Importance of Free Cash Flow

In some previous posting I discussed how important it was to convert profits to cash. See Cash Flow – The Bottom Line for more on this. Now let’s look at cash from a different perspective.

Free Cash Flow Defined

Generally free cash flow is considered to be operating cash flow minus capital expenditures. This recognizes that capital spending for things like equipment is necessary if a company is to remain competitive. These capital expenditures help a company become more efficient or even allow them to expand into other markets, products and services.

How to Calculate Free Cash Flow

Free Cash Flow = Operating Cash Flow – Capital Expenditures

Of course, to understand this you need to know that operating cash flow is the cash produced during the normal course of operating a business. It is net income adjusted for several items, such as changes in accounts receivable, inventory, accounts payable, etc. Those items are too numerous to list here, but the point is that these adjustments are necessary to derive the actual operating cash flow. For example, suppose a company has sales of $10 million and a net profit of $2 million. If in achieving this profit the company saw its accounts receivable climb from $1 million to $2 million, the increase in accounts receivable of $1 million must be excluded from the net income to arrive at the operating cash flow. Again, the change in accounts receivable is just one of the adjustments needed to net profit to arrive at operating cash flow.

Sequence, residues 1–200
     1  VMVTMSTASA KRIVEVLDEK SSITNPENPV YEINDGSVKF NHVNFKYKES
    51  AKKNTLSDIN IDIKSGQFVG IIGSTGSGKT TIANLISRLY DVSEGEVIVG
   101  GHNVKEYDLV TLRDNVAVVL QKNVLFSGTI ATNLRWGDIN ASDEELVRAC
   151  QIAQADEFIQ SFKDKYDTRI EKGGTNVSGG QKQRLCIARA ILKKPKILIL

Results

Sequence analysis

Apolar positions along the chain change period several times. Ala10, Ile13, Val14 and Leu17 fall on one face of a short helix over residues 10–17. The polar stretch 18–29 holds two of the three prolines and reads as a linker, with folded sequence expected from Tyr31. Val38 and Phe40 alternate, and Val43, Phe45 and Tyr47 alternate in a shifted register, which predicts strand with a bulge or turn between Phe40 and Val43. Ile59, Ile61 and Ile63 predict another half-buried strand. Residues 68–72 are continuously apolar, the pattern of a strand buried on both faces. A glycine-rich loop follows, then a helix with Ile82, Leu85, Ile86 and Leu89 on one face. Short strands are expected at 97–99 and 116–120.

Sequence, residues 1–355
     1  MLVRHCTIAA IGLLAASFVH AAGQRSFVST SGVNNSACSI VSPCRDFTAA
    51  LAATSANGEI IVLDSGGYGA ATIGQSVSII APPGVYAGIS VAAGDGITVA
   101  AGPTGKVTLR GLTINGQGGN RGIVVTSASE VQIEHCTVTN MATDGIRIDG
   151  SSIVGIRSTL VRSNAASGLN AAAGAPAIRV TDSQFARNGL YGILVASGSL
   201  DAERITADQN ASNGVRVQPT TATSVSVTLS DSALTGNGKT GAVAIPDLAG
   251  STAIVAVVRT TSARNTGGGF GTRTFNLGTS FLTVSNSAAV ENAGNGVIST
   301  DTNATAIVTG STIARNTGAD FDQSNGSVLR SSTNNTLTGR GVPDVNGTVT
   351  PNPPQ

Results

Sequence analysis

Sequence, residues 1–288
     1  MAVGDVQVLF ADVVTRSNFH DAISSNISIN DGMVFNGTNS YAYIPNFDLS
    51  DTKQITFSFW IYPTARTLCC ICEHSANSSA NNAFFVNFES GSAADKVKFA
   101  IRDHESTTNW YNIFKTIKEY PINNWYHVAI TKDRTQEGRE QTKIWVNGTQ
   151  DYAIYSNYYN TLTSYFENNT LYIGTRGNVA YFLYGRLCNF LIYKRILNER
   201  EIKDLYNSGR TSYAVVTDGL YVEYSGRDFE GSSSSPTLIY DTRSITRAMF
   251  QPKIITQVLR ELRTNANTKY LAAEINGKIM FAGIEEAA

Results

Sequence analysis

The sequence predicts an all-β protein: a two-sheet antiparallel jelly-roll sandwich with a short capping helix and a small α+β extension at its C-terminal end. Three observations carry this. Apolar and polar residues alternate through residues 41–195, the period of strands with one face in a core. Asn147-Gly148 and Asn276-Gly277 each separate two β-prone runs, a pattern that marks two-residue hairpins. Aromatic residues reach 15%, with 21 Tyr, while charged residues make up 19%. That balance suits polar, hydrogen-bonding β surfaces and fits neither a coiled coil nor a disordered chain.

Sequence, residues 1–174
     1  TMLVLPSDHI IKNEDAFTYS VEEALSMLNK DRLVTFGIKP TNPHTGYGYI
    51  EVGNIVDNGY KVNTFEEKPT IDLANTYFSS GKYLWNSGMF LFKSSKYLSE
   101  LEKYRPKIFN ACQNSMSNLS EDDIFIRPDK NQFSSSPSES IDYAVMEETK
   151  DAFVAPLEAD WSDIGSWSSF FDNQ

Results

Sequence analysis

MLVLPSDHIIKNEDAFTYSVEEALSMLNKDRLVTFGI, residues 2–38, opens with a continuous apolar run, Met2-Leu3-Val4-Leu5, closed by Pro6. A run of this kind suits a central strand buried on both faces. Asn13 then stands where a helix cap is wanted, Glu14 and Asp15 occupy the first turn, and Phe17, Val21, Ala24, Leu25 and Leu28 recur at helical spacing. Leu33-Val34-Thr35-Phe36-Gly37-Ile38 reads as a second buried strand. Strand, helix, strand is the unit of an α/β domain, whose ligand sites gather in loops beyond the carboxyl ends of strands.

So Why Does Free Cash Flow Matter

Let’s consider the scenario above where a company had a net profit of $2 million. After adjusting for things like changes in accounts receivable, accounts payable, etc.., the operating cash flow is calculated as $750,000. If the company made capital expenditures of $500,000 then the calculation for free cash flow is:

Free Cash Flow = Operating Cash Flow – Capital Expenditures

Free Cash Flow = $750.000 – $500,000 = $250,000

In this case the free cash flow is $1,750,000 less than the net profit and $500,000 less than the operating cash flow. This remaining $250,000 in free cash flow represents cash available for such things as expansion. This is the money that is available to reinvest in the business to grow it.

Now suppose that the capital expenditures had been $750,000, In that case the free cash flow would be $0 and leave no cash for growing the business.

Measure It and Track It

It is important to measure and track both the operating cash flow and the free cash flow. The first one is an indicator of how successful your company is from an operational standpoint while the second one is indicative of how much ability the company has to expand.

Do you understand these measurements and their importance? If not, I encourage you to get familiar with them.

If you want to know more, contact AimCFO – Contact

As always, your comments are welcomed.

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